Stop Using Twitter For Comics

If you're an artist posting your comics exclusively to Twitter, please, I beg you, stop.

Why it's bad

Twitter is designed to only show users the newest things. All your hard word will get buried under newer posts, and you'll be threatened to keep rapidly churning out new content to stay relevant.

There is no way to look at a user's post archive. The only way to look at older comics is to take the long, slow, arduous crawl of scrolling to the bottom of the page, waiting for it to load older posts, scroll down again, repeat. This is especially bad for a series meant to be read in chronological order. If I have to do that, I'm sorry, but I'm not going to read your comic, no matter how good it looks.

For someone trying to read on mobile, it's even worse. Twitter literally prevents users from scrolling down, forcing a big pop-up in front of them that cannot be closed. Twitter actively prevents people from reading your comics by putting big barriers in the way.

This "only show the newest" algorithm Twitter uses means that there's no way to effectively subscribe to a comic. There's no way to follow and get notified about new pages. Sure, if you have a Twitter account, Twitter *might* decide you are worthy of seeing posts from the accounts you chose to be notified about, but maybe not. And besides, you'll have to do the long scroll through your feed again to get to where you left off. Not worth it.

Readers can't save their place as they're reading through the older comics. On a normal website you could just keep a bookmark of your current place, but the way Twitter is built prevents that.

Twitter unpredictably compresses any images that's uploaded there. If you want your art to be looking its best, don't use Twitter.

Twitter is just a poorly engineered website all around. Somehow the social media platform designed around showing people just 256 characters has become one of the most bloated, slow, data-hogging websites around. It's impractical to read Twitter from a mobile connection. can help with this a little, but Twitter purposefully limits them. And no, the app does not make it better.

In fact, almost all forms of social media are a bad way of sharing your comics. That goes for Twitter, Facebook, Reddit, Mastodon, Instagram, Amino, etc.

What they *can* be used for is to supplement your comics. Use them as a channel to promote it, show some behind the scenes stuff, give updates on what's happening, talk with fans, announce whenever a new page is released and link to it. Put a link to your comic's website prominently in your profile.

What to use instead

There are far, far better options to pick from. I've picked out a variety of options here for differing levels of commitment.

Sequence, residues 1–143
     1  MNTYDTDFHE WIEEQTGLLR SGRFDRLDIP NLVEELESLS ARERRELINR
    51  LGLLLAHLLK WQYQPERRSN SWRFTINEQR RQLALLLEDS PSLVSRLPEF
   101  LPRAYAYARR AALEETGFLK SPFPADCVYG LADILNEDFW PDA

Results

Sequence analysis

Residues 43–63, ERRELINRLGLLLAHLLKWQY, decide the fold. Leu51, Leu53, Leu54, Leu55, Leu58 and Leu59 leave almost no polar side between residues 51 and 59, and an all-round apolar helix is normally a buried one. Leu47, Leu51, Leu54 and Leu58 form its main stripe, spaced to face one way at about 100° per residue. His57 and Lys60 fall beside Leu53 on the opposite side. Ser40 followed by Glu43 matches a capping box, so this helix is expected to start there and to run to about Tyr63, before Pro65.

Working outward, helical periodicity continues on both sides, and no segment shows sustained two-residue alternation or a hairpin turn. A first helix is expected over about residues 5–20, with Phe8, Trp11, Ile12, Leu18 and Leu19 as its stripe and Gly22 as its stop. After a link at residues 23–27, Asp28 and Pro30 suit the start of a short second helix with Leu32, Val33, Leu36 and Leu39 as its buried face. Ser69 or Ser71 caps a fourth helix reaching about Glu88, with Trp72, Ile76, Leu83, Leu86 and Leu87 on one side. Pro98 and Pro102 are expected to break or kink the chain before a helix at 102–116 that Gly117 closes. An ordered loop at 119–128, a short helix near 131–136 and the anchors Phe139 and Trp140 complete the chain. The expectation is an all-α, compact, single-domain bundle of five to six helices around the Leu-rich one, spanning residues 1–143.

Free webcomic hosting. Very easy to set up with pre-made themes, while extendable if you want to dig deeper. Comment section built in. No ads. Great RSS support. Helpful forums.

The Terms of Service explicitly state that you retain all rights to your uploaded works.

It has everything and no downsides!


Friendship is Dragons

Foxy Flavored Cookie

McComicFury (scroll view)


No need to set up themes, but has no options for customization outside a header image. Simply upload and it handles the rest. Built in comment section. Popular, so works will be visible. Ad supported platform.

RSS support is subpar. Only shows the first part of a comic in a low resolution.

Webtoon's layout is unique, expecting a vertical scrolling layout. You may have to adjust the layout of your comics accordingly. If you want your comics to have more traditional pages, use Tapas instead.


(WebToons) My Giant Nerd Boyfriend

(Tapas) Magiform


One of the only social media websites that is designed with the ability to read past posts in mind. (Though I personally request you include a "Start From Beginning" button too linking to the first comic.) It's fit for comics and provides an easy way for fans to interact by using the "Ask" button.

Ad supported platform.

Tumblr has started putting up a login wall on Tumblr searches, but at least unlike Twitter, it's not blocking users if they're scrolling through a blog. This could change in the future though.

Comments on Tumblr are notorious for being difficult to read. They're there, but if this is a high priority for you, you might want a different solution.


Customer Service Wolf

Create your own website

Creating your own website is the most professional looking option. It will give you the most flexibility in the design. It is the hardest to implement, but good news! A lot of the work has already been done. Services like Wordpress already have themes specifically for comics already freely available.

Self hosting will give you the peace of mind that your comic won't suddenly evaporate from a ban. But third-party hosting is always an option. Keep a backup of your website's files. – Free hosting for creative people.


Bug Martini (uses Easel)

Rusty and Co. (Uses ComicPress)

Easel Wordpress Plugin (Formerly ComicPress)

Housepets! comic (Uses Tuto)

Tuto Wordpress Theme

Inkblot Wordpress Theme

Rarebit, webcomic template for static sites.